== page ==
You should aim to finish the fight in two rounds of getting the shield down. Surviving long enough to get it down a third time is unlikely.
Second half: and this helped you, did it?
Phew. We made it. What does any of that teach us about real life?
1. No one gets it on the first try.
Raid bosses are hard. You can’t expect to waltz in to a new encounter and beat it straight away. It takes weeks or months of practice. Every time you fail you need to summon the fortitude to get up, dust off, and try all over again.
Interviews are hard. You’re unlikely to land the first job you apply for. Every time you get rejected, you need to extract as much value as possible from the experience. Email the recruiter and ask for feedback. Keep nagging them until you get it.
2. Preparation is essential.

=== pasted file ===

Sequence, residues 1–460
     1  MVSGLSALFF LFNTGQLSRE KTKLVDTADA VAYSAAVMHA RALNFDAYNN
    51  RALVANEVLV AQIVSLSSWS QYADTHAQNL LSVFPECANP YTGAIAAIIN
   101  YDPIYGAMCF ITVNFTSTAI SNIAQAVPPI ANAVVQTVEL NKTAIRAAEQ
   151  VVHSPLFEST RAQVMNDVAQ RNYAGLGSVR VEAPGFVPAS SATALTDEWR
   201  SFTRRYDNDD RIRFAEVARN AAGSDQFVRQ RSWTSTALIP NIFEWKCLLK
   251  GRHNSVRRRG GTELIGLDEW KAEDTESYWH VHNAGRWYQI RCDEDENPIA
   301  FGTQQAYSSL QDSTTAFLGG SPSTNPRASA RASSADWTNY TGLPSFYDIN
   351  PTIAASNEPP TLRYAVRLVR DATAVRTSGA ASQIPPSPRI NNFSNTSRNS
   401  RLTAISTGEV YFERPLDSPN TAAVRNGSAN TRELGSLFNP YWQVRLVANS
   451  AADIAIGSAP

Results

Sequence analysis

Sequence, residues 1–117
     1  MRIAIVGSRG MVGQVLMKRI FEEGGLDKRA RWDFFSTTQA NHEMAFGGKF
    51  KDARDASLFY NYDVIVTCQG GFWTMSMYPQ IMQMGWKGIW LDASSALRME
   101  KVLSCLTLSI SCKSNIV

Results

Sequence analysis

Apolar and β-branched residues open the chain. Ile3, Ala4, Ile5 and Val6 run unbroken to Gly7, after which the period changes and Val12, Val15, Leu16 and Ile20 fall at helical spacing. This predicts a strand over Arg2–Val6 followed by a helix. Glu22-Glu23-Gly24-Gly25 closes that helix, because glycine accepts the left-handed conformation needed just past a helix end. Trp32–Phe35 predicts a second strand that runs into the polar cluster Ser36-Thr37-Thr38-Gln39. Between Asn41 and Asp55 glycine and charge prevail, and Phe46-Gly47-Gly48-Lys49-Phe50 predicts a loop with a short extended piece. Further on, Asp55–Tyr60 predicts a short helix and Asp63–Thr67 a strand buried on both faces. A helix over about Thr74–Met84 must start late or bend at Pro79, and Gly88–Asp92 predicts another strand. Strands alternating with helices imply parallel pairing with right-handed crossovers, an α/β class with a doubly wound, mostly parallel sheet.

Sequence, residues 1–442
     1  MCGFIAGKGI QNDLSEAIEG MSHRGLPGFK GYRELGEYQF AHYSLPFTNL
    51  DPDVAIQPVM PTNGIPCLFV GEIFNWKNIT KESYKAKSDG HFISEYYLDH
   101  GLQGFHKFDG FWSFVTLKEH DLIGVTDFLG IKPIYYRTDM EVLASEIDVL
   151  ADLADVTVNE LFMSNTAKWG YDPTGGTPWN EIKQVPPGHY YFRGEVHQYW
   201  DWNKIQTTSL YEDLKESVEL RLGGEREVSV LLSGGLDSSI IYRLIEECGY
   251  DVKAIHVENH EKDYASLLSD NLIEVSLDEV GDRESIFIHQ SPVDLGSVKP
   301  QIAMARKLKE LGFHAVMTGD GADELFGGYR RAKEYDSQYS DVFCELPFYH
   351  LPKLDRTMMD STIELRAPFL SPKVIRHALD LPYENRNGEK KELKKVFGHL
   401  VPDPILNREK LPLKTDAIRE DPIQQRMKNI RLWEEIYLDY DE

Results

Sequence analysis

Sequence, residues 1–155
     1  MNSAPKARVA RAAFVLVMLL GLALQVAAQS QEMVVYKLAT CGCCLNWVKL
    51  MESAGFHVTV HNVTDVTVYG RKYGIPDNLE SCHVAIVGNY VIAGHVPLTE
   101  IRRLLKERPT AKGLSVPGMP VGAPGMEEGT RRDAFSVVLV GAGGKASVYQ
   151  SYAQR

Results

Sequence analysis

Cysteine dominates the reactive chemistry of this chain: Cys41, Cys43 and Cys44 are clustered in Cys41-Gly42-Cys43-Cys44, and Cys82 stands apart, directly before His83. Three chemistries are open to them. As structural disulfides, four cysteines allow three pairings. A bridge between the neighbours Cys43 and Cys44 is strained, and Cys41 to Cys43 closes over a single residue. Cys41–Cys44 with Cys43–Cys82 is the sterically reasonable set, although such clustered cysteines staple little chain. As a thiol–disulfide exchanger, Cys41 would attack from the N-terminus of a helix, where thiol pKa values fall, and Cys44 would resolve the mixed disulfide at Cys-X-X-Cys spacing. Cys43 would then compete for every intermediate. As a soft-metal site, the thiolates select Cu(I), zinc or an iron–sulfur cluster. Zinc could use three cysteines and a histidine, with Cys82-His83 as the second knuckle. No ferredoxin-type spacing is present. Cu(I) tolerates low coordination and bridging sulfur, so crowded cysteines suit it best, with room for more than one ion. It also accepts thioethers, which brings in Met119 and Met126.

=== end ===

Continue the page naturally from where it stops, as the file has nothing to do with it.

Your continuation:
Before a raid, you need to make sure you’ve read up on the boss fights. Watch videos of other groups beating it, learn the room layouts, memorise what happens and when. If you don’t know, you’re going to die. You also need to collect supplies. The game has a tonne of items that help you in raids: bandages, potions, specialised armour, weapon enchantments, and lots more.
Before an interview, you need to make sure you’ve read up on the company. You need to make sure you have some answers to common questions ready to go. You need to make sure you’ve asked the recruiter what topics you need to prepare for.
Same goes for the first day of a new job. Do you know where the office is? Do you know who to ask for when you arrive? Do you know what the dress code is? If you don’t know, ask.
3. There’s only so much you can do alone.
It’s impossible to beat a raid boss on your own. It takes a diverse team of players filling a variety of roles. Healers, damage dealers, damage takers, and other supporting roles. You also need to get along with these people, through the good and the bad. Failing dozens of times each night is stressful, and stress causes arguments. You need to foster a culture of support.